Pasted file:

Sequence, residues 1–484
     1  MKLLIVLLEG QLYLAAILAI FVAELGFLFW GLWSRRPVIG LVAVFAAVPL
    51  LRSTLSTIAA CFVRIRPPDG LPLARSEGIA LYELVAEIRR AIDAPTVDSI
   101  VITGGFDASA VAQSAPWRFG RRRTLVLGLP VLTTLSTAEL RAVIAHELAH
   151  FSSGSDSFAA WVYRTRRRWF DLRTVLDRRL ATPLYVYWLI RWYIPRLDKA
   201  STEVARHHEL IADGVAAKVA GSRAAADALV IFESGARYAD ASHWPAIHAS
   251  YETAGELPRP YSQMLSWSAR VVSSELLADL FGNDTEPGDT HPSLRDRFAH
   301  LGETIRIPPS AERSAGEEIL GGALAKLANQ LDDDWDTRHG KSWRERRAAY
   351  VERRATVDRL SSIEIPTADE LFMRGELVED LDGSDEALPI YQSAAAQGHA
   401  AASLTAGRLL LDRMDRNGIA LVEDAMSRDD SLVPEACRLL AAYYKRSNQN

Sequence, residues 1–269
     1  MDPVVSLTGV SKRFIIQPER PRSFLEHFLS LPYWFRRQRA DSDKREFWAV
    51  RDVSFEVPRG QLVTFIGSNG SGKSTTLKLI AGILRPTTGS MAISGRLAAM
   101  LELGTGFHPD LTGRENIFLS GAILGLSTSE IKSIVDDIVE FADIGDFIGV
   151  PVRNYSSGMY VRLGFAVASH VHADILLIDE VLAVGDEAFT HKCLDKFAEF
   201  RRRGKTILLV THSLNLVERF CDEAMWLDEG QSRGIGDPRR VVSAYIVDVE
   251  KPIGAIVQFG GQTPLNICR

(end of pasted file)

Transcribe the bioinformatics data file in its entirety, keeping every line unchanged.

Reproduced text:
Sequence, residues 1–484
     1  MKLLIVLLEG QLYLAAILAI FVAELGFLFW GLWSRRPVIG LVAVFAAVPL
    51  LRSTLSTIAA CFVRIRPPDG LPLARSEGIA LYELVAEIRR AIDAPTVDSI
   101  VITGGFDASA VAQSAPWRFG RRRTLVLGLP VLTTLSTAEL RAVIAHELAH
   151  FSSGSDSFAA WVYRTRRRWF DLRTVLDRRL ATPLYVYWLI RWYIPRLDKA
   201  STEVARHHEL IADGVAAKVA GSRAAADALV IFESGARYAD ASHWPAIHAS
   251  YETAGELPRP YSQMLSWSAR VVSSELLADL FGNDTEPGDT HPSLRDRFAH
   301  LGETIRIPPS AERSAGEEIL GGALAKLANQ LDDDWDTRHG KSWRERRAAY
   351  VERRATVDRL SSIEIPTADE LFMRGELVED LDGSDEALPI YQSAAAQGHA
   401  AASLTAGRLL LDRMDRNGIA LVEDAMSRDD SLVPEACRLL AAYYKRSNQN

Sequence, residues 1–269
     1  MDPVVSLTGV SKRFIIQPER PRSFLEHFLS LPYWFRRQRA DSDKREFWAV
    51  RDVSFEVPRG QLVTFIGSNG SGKSTTLKLI AGILRPTTGS MAISGRLAAM
   101  LELGTGFHPD LTGRENIFLS GAILGLSTSE IKSIVDDIVE FADIGDFIGV
   151  PVRNYSSGMY VRLGFAVASH VHADILLIDE VLAVGDEAFT HKCLDKFAEF
   201  RRRGKTILLV THSLNLVERF CDEAMWLDEG QSRGIGDPRR VVSAYIVDVE
   251  KPIGAIVQFG GQTPLNICR